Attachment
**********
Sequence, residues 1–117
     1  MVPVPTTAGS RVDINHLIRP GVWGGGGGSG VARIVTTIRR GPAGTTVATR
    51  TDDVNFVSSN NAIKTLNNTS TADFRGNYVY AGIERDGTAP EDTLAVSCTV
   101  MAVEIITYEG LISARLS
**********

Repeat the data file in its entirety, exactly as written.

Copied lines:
Sequence, residues 1–117
     1  MVPVPTTAGS RVDINHLIRP GVWGGGGGSG VARIVTTIRR GPAGTTVATR
    51  TDDVNFVSSN NAIKTLNNTS TADFRGNYVY AGIERDGTAP EDTLAVSCTV
   101  MAVEIITYEG LISARLS